Home Grooming The Companion Old English Sheepdog

Trimming Around An Old
English Sheepdog's Foot Pads

Below is just one way an Old English Sheepdog owner tends to a dog's feet.  The vibration of electric clippers can startle or tickle so dogs need to be slowly desensitized to the process.  Because some dogs are more sensitive to having their feet handled, grooming can be more challenging for some owners.  You need to proceed slowly, respect the dog's limits, praise and reward lavishly so the dog will learn to tolerate it.  Only you know your dog and how he or she may respond.  Seek assistance from a professional if there is any chance your dog could be harmed by it's exuberance or fear or if the dog could display an aggressive behavior. Follow all product safety instructions provided by individual manufacturers.  Try to make grooming a special one-on-one time that both you and your dog will look forward to.   These instructions are offered as-is and without guarantee or warranty.

What you're trying to accomplish...

Trimming hair between the Old English Sheepdog's pads improves traction, prevents painful matting and also allows for better air flow.  Less hair to carry in sand/dirt from the backyard too.  Dogs sweat through their foot pads so removing this hair helps their feet dry faster too.  Hairy feet can hold dirt, moisture, bacteria, yeast, etc. 

Tools I Use To Trim
A Dog's Pad/Foot Hair

You don't need fancy or expensive tools for this job.  I use a small, inexpensive battery operated palm clipper by Conairpet™ to shave the hair from between my Old English Sheepdogs pads.  It’s now yellow & black.   It's small so it's easy to get between the pads.  I found that rechargeable batteries provide more power for a longer duration.  I like the shorter version of The Untangler® for the feet but you can use any good comb.  I also use small scissors with stainless steel blades found at the grocery store… any scissors that cut hair well are fine.  Once you get used to scissoring, you’ll enjoy better quality scissors.

Palm Clipper Tips

  • Glide the clipper blade over the skin, don't apply much pressure or you could cause razor burn. 

  • Keep the blade level with the skin as you shave so you don't cut skin.  Use extra care when there are narrow or raised areas of skin like the top of the webbing.


  • The little battery operated palm clipper I used in this demo doesn't heat up like a standard size clipper.  If using a larger clipper and say a #15 blade, frequently touch the blade with YOUR fingers to be certain the blade isn't heating up... hot clipper blades will cause your dog pain and possibly a burn.  I no longer use a spray blade coolant... it seemed to clog up and bog down my blades.  I remove a blade that's gotten too warm, place in on a cool surface and replace it with another blade.  I've also used a cold pack, the kind you keep in the freezer for a sprain, and will place a too warm blade between it for faster cooling.  You need to be careful of condensation though... keep the blade dry and oil it after use.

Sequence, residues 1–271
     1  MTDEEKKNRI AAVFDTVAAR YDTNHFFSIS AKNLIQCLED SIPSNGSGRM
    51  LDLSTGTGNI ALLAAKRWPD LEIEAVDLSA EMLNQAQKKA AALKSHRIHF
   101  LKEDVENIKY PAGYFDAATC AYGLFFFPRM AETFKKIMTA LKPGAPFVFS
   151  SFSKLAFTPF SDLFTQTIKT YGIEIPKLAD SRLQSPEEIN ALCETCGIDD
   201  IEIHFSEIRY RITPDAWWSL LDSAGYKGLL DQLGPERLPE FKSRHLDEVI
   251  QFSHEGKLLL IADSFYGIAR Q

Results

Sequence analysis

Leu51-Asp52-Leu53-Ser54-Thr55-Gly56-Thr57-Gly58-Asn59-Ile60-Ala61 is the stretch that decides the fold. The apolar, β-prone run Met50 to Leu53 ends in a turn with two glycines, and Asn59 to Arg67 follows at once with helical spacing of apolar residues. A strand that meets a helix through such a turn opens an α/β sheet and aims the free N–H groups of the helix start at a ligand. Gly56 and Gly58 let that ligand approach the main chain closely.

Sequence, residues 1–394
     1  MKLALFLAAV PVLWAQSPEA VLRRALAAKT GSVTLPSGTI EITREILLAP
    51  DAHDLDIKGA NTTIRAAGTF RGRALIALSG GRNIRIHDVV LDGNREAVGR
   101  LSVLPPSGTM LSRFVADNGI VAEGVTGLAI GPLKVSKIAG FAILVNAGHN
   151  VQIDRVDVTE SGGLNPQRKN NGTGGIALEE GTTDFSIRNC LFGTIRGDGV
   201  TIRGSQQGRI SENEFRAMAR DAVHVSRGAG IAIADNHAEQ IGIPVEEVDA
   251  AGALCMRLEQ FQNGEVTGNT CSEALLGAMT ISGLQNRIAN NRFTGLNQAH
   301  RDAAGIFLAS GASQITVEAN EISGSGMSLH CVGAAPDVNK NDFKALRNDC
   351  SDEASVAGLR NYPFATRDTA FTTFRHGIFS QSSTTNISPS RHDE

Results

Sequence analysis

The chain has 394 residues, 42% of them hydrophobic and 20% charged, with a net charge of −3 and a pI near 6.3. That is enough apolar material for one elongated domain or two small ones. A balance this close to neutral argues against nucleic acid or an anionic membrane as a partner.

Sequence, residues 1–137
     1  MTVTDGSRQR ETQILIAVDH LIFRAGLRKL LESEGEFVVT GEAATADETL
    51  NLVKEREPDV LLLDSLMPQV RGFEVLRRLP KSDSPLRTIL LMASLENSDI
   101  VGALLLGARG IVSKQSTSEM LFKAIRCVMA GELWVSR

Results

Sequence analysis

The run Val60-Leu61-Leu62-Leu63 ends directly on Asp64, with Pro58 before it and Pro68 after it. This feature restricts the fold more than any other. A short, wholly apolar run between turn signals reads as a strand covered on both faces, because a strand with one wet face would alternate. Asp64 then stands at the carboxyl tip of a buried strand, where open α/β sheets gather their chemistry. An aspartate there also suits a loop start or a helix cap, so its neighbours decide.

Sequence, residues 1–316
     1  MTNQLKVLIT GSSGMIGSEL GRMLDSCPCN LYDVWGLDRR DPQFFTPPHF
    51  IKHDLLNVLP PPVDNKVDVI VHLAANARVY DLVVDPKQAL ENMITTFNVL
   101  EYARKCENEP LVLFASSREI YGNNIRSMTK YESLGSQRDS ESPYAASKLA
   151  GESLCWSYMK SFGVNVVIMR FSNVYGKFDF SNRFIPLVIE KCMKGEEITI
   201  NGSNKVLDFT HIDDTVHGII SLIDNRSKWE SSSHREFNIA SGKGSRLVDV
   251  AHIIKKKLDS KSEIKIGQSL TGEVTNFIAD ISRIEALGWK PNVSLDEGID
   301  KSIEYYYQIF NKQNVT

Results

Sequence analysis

Before trimming an OES's feet for the first time, get to know how the dog's feet were created.  Each foot has a large pad in the back and 4 smaller toe pads to the front.  Front legs also have a  pad on the back of the leg where it bends at the "wrist".  OESs that have not had dewclaws removed in the first few days after birth will also a small toe with a pad, webbing and toenail on the inside of the front legs... you may occasionally find back dewclaws also.  

Webbing between the toes.

The following technique is based on a dog that is already used
to both having their feet handled and the vibration of electric clippers...

When using electric clippers or scissors to trim our dog's feet, I'm very care that I don't accidentally nick or cut the dog.  Especially important in the foot area is the webbing between each toe... this webbing is a ridge of skin that separates the area between the toes from the area around the larger pad. I like to clip the hair short but I don't apply much pressure doing so... I don't want to cause razor burn.  Some dogs may be more sensitive to shaving... if this is the case, you may wish to use a clipper blade that will leave the hair a little longer.  My 5 OESs and Border Collie-mix all have their feet tended to in this manner.

Above is a little neater example of trimming hair around the outside of the feet. NOTE that the length you cut the hair depends
 on the overall hair length on the dog.  If the OESs hair is longer, you'll need to trim farther way from the outside of the pads.

Finally, I scissor around the outside of the feet as the dog stands being careful not to
cut the pads.  Visit this page to see one way to round up foot hair.  Inspect the finished
feet for any accidental nicks because it can happen.  I wash the feet and apply a little
antibacterial salve if one is found... then check the next day to be sure it's healing.

Copyright 2010-13  J. Dunne.  All rights reserved.  The photographs and instructions on this page are the property of the author. This website page address and the PDF formatted version can be shared publicly.  However, do not reproduce, copy or alter it for public or for-profit use without written permission from the author.


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